Iraq - from Dictator to Junta
After three years, half a trillion dollars, over 650,000 dead (Iraqis and Americans), and untold physical destruction, this is what we get -
IRAQ’S fragile democracy, weakened by mounting chaos and a rapidly rising death toll, is being challenged by calls for the formation of a hardline “government of national salvation”.
The proposal, which is being widely discussed in political and intelligence circles in Baghdad, is to replace the Shi’ite-led government of Nouri al-Maliki, the prime minister, with a regime capable of imposing order and confronting the sectarian militias leading the country to the brink of civil war.
Dr Saleh al-Mutlak, a prominent Sunni politician, travelled to Arab capitals last week seeking support for the replacement of the present government with a group of five strongmen who would impose martial law and either dissolve parliament or halt its participation in day-to-day government.
This is not a done deal, just one initiative among many, but it would be the simplest to execute -- much quicker and cleaner than the rumored three-state partition plan of the Baker commission. At this point, Bush would probably take any way out of the nightmare he has created, leaving Karl Rove to put a positive spin on it.
Other Iraqis dismissed the idea that a unilateral change in the leadership would be desirable or even possible. “The only person who can undertake a coup in Iraq now is General George Casey (the US commander) and I don’t think the Americans are inclined to go in that direction,” said Ahmed Chalabi, head of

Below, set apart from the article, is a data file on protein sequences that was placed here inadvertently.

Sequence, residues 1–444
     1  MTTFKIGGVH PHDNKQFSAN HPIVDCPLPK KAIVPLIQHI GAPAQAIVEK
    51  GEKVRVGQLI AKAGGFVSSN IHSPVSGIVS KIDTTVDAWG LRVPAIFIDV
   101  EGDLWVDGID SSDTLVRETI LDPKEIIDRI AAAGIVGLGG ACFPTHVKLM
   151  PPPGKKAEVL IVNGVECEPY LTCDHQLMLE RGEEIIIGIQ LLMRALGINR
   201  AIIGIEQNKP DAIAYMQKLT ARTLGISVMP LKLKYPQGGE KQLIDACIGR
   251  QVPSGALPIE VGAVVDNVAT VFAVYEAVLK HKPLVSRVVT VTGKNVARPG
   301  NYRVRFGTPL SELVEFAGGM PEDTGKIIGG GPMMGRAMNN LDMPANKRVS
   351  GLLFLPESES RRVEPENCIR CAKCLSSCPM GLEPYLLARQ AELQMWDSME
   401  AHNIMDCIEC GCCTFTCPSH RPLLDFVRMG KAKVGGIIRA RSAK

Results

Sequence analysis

a rival political party.
I see. "Unilateral change in the leadership" means one that Chalabi isn't a part of. Anthony Cordesman answers this objection:
Backroom deals are just what we specialize in.
“Nobody in Iraq has the military power to mount a traditional coup, but there could be a change in government, done in a backroom, which could see a general brought in to run the ministry of defence or the interior,” Cordesman said. “It could be regarded as a more legitimate government than the present one as long it doesn’t favour one faction.”
Bush will merely have to amend his comments about how much Iraqis love liberty - it turns out they love security more.